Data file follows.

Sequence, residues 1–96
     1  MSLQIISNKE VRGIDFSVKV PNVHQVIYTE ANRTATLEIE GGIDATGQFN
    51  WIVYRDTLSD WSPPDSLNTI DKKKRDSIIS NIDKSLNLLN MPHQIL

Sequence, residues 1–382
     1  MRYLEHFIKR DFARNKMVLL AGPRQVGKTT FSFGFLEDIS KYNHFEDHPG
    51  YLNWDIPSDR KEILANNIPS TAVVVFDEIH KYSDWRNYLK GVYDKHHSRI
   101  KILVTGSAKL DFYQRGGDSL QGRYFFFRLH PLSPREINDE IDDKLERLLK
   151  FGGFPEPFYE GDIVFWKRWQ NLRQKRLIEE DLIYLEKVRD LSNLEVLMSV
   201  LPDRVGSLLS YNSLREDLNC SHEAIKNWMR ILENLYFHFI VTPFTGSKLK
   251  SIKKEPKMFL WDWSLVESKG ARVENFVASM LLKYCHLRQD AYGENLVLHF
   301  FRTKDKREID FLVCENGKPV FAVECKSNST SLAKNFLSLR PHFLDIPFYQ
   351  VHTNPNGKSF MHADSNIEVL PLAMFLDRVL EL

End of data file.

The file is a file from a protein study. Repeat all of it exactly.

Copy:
Sequence, residues 1–96
     1  MSLQIISNKE VRGIDFSVKV PNVHQVIYTE ANRTATLEIE GGIDATGQFN
    51  WIVYRDTLSD WSPPDSLNTI DKKKRDSIIS NIDKSLNLLN MPHQIL

Sequence, residues 1–382
     1  MRYLEHFIKR DFARNKMVLL AGPRQVGKTT FSFGFLEDIS KYNHFEDHPG
    51  YLNWDIPSDR KEILANNIPS TAVVVFDEIH KYSDWRNYLK GVYDKHHSRI
   101  KILVTGSAKL DFYQRGGDSL QGRYFFFRLH PLSPREINDE IDDKLERLLK
   151  FGGFPEPFYE GDIVFWKRWQ NLRQKRLIEE DLIYLEKVRD LSNLEVLMSV
   201  LPDRVGSLLS YNSLREDLNC SHEAIKNWMR ILENLYFHFI VTPFTGSKLK
   251  SIKKEPKMFL WDWSLVESKG ARVENFVASM LLKYCHLRQD AYGENLVLHF
   301  FRTKDKREID FLVCENGKPV FAVECKSNST SLAKNFLSLR PHFLDIPFYQ
   351  VHTNPNGKSF MHADSNIEVL PLAMFLDRVL EL